Keep it Clean

Grand Dining Room

Grand Dining Room

The re-cabling is a really big project at Wimpole, and certain measures have to be taken to keep the Hall safe while it’s happening.

The Grand Dining Room

The Grand Dining Room

Here, in the Grand Dining Room, scaffolding was constructed in order to hang protection over one of the important paintings. The material used is called Tyvek and is a waterproof fabric made from polyethylene fibres. It’s very light, but strong too.

Protective covers are to be found all over the Hall but normal duties must continue in the hall as well.

DSC_1450

Below, we can see our Conservation Assistant Julia vacuuming for the Winter Clean.

The deep clean of the Hall takes place in the Winter when there are less people around and longer periods of time can be devoted to it; it is essential to the conservation work. Julia is removing the dust from one of the chair cushions in order to prevent it from wearing away at the fibres of the fabric. The vacuuming itself is done through a nylon gauze. This is the same for all the textiles and it just prevents abrasion to the fabrics that are being worked on.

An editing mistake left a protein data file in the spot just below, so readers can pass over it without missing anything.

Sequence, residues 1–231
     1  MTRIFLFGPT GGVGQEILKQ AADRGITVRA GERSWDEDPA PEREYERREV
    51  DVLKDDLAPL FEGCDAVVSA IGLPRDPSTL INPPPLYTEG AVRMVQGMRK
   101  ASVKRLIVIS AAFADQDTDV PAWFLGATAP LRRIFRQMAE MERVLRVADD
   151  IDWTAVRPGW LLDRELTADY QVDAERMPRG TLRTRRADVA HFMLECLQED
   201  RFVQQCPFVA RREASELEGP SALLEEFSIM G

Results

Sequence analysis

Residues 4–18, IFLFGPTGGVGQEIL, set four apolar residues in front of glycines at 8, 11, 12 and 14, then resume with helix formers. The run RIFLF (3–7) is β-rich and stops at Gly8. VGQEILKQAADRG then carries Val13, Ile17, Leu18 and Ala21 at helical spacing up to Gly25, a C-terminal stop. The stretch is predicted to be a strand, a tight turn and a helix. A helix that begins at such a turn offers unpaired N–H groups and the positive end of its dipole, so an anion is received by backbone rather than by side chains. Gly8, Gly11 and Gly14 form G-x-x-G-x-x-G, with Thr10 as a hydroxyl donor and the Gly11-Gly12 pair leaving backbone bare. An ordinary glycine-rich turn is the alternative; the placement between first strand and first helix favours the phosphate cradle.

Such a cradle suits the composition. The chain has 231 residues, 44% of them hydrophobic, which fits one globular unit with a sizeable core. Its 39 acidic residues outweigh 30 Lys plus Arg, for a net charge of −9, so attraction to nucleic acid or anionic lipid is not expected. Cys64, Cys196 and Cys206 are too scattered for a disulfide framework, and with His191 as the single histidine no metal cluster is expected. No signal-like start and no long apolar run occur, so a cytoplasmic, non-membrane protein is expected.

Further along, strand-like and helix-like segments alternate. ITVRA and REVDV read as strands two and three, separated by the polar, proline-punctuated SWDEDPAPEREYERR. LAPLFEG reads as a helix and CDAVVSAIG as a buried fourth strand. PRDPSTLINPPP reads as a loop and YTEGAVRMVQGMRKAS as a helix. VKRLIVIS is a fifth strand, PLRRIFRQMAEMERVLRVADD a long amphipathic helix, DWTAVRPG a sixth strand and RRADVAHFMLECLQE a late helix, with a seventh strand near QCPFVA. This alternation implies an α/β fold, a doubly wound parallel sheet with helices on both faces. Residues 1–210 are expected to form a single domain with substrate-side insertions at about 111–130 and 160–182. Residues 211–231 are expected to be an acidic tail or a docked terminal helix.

All sorts of things go on behind the closed doors of the Hall in winter. One important aspect of maintaining Wimpole, is to ensure all the records are up to date.

Lesley Hoskins Red RoomLesley Hoskins 2

Meet Leslie Hoskins! She has been looking at the wall paper throughout the Hall. She’s been taking photos, and taking samples. She’s dating all the old wall paper for the Hall team and contributing her knowledge to the sample records that they keep.

Yvonne Lewis has also been hard at work…

Yvonne Lewis

Yvonne Lewis

Yvonne is the Assistant Libraries Curator and has been busy cataloguing a new acquisition of books and papers owned by the 4th Earl of Hardwick who lived in the Hall during the 19th Century, from 1834 for nearly 40 years. He was an Admiral and known affectionately as ‘Old Blowhard’ because of his naval background. The documents include his Great Exhibition catalogue of 1851 and Navy lists for 1796, ’97 and ’98. Navy lists are a document of those who were serving on each of the Navy’s ships and these particular ones are not held in any of the National Trust’s libraries! So it’s a pretty important task!

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3 thoughts on “Keep it Clean

  1. Fascinating insight into your conservation work and those naval records sound amazing. I’d find it difficult to stop myself from reading them as I’m cataloging.

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